It’s tempting to say that we should instead have Flow “guess” at what frame is relevant, or that we should force developers to annotate more so that you can’t have long stacks.

Even if you required people to annotate function boundaries within a file (something that IMO is a little onerous), you can still have a complex single function where the logic is hard to trace through. One of the main reasons I like Flow is that I don’t need to annotate very much.

It is not helpful to limit the number of locations shown.

Maybe in a magic world Flow could guess that processRecords(recordList) is the missing piece and tell me. It’s true that that is one of the most relevant “stack frames” here, but there could easily be more than one. What if there is more indirection and there is another function between processRecords and processStringID? (There are always more layers.)

If the stack of Flow’s “thought process” for an error is too long, I can add an annotation in the middle to cut it in half. That’s a better way for me to support Flow instead of annotating literally all of my code. Flow can say “here’s the path of 20 steps I took to get here; if you add an annotation to one of the middle functions it will make this error message simpler to understand”.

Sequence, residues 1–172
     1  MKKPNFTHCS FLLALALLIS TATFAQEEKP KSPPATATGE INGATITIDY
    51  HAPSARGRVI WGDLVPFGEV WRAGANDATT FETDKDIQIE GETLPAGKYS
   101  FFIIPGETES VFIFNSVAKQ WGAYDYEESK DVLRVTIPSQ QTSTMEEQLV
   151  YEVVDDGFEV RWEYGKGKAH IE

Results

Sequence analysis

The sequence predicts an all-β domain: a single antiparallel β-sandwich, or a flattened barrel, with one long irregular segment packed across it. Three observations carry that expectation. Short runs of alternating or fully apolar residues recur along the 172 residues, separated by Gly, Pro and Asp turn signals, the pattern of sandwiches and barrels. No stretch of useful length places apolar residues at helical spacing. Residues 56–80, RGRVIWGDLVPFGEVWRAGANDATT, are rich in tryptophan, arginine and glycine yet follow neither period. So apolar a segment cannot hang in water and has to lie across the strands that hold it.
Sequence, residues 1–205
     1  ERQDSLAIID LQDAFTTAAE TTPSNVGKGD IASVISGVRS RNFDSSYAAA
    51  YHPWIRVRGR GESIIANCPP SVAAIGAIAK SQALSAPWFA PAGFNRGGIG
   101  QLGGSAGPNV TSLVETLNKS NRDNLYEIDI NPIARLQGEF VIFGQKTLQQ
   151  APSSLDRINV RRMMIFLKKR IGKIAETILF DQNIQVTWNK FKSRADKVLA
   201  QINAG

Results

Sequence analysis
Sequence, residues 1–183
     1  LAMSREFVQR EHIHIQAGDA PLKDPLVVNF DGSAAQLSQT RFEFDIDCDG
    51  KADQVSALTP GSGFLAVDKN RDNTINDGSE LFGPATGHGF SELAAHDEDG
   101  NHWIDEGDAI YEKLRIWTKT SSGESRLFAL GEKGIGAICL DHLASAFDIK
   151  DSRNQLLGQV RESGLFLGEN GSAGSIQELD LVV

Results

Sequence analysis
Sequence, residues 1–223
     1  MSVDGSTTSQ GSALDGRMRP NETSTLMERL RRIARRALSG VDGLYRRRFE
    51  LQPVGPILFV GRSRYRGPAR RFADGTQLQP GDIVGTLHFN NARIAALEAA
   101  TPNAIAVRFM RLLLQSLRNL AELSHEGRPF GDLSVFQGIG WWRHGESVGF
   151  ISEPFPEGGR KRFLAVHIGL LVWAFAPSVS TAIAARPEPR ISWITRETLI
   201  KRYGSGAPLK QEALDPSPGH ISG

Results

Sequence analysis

Think of if JS errors never gave you a call stack, just the location of the code where the error is thrown. Then suppose you have

16: function foo(x) {
17:   return;
18: }

and you get “Cannot read property ‘foo’ from null” on line 17. That error is more useful than if there was no code location at all, but what I really need to know is which callsite of foo passed in null. It’s common to have to go several levels up the call stack to find the function that is actually responsible for the bad data.

Sure, maybe in many cases you don’t need the full output, but you often do. It’s common for me to waste many minutes trying to figure out why Flow thinks two types should match; it’s easy to be stuck even longer if you’re not as familiar with Flow. A friend of mine recently added Flow to a 1400-line library, and she wasted many hours on confusing error messages and was tempted to abandon the effort.

In my example, it is easy to trace back because each function is called in only one place. Imagine if it were called in 5 places. Or 20. That’s closer to the reality of complex apps. If you really had to, I would accept if Flow offered a --why flag that (quickly) gave me this information in a readable format, but I think hiding it by default is strictly worse.

If Flow doesn’t show me the full trace, or it shows me one frame which it “guesses” is responsible (often wrongly, because it’s impossible to know what my intent was without “understanding” the variable names, etc), then I am left tracing through my entire codebase to figure out how processStringID is getting called with a number, maybe one of hundreds of different paths to that function. But I shouldn’t have to do that. Flow already knows what path it is! So why can’t it tell me?